By Benjamin Leatherman
By Robrt L. Pela
By Katrina Montgomery
By Robrt L. Pela
By Kathleen Vanesian
By New Times
By Ray Stern
By Eric Tsetsi
Nicolas Glaser was one among a handful of A-list stage actors who called Phoenix home in the late 1980s and early 1990s. Like most of the rest of them, Glaser lit out for the Great White Way, where he’s made a success playing good guys, gangsters, and everything in between. He returns to his old stomping ground this week in a starring role in Actors Theatre’s Benefactors, but pauses first to consider crumb-collecting and his likeness to certain cartoon characters.
I knew I wanted to be in show business when I saw Jacques Brel perform on Broadway.
The worst thing about being an actor is the occasional loss of confidence. It comes with the job!
My worst audition ever was when I auditioned for the Shaw Festival in Canada. There was what I like to call "an embellishment" on my résumé, and the director grilled me about it for five minutes. I didn't get the job, but I did get very embarrassed.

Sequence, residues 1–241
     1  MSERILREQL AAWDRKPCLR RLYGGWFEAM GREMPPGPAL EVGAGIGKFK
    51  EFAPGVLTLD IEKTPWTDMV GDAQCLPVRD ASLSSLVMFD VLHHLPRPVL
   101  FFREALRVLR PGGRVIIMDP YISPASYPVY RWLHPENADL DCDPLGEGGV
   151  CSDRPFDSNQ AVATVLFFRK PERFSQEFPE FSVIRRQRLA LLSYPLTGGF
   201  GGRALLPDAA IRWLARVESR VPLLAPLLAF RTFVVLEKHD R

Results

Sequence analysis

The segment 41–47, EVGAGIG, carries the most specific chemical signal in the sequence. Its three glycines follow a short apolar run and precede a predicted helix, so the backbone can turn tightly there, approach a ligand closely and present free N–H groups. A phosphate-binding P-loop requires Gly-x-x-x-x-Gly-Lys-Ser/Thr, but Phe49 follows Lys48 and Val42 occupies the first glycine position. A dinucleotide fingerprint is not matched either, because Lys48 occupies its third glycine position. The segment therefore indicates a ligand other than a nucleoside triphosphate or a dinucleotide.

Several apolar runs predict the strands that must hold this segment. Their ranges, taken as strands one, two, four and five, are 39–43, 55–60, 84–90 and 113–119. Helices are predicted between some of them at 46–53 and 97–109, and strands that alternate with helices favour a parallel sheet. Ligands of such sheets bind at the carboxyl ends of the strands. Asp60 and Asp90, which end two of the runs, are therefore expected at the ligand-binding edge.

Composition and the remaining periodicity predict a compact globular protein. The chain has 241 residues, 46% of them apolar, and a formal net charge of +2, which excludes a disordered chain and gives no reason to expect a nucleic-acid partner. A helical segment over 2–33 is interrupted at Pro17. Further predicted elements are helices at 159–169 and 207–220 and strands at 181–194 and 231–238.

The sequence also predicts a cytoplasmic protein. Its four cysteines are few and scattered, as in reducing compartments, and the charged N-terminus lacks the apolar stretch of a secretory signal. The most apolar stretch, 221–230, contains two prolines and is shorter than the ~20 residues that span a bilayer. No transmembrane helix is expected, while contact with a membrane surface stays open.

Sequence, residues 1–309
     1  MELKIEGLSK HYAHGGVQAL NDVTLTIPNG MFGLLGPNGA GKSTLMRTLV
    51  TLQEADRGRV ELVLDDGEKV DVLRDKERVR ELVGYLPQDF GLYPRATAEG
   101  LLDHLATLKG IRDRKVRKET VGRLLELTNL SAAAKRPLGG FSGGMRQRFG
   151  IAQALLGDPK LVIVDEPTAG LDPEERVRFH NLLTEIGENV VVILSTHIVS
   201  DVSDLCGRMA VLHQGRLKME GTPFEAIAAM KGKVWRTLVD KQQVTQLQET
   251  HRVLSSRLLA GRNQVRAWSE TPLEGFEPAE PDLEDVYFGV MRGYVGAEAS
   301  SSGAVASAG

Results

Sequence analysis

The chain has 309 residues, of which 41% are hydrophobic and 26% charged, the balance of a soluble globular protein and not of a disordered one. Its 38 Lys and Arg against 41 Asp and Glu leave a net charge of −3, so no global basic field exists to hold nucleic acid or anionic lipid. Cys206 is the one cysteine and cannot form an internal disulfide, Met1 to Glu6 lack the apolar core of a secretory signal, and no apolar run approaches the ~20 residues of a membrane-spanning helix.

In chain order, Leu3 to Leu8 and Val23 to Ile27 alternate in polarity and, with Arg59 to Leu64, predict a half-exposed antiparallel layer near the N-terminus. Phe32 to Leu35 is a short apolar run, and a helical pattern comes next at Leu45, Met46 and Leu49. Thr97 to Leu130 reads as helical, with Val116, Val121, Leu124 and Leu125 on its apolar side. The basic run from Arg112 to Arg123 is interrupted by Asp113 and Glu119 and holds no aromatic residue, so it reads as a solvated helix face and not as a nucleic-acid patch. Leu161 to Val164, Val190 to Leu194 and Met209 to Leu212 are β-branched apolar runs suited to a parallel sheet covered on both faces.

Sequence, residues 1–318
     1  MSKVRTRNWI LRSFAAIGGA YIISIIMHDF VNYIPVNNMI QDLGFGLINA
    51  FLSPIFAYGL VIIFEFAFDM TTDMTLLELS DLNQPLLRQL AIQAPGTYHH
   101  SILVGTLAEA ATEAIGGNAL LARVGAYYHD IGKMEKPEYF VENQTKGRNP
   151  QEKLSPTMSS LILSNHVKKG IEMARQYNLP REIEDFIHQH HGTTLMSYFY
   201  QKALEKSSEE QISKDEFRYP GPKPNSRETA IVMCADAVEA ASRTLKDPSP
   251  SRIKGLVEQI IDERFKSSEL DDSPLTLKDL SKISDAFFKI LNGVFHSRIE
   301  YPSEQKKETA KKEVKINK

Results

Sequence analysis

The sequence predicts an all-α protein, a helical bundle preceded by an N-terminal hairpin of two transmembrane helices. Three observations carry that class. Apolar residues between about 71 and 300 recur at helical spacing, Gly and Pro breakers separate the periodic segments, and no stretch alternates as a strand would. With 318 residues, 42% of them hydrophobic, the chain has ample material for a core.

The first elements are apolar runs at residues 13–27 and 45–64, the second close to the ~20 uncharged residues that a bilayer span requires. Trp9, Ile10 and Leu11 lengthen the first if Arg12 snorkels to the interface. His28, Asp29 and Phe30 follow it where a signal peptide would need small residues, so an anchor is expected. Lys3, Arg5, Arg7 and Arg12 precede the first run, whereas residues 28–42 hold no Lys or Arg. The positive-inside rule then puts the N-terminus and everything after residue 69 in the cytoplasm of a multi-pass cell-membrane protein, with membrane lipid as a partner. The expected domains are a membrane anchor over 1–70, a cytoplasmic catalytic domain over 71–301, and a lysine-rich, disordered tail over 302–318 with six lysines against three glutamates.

The happiest day in my life hasn't happened yet.
If I could be anyone other than myself, it would be a gifted therapist.
It's not entirely true, but I sometimes tell people that I'm older than I actually am. Makes the years go by slower.
The fictional character I am most like is a combination of Linus (from Peanuts) and Wile E. Coyote.
I am utterly terrified of rats.
I laugh uncontrollably at myself.
The one thing I absolutely refuse to do on stage is nothing. I'll do anything on stage.
Something I have never admitted to anyone before is all of my feelings. Too much information.
Currently I am reading Benefactors, the play I'm in.
The first time I got drunk, I felt very adult.
Like my mother used to say, "Gather enough crumbs, and you get a loaf of bread."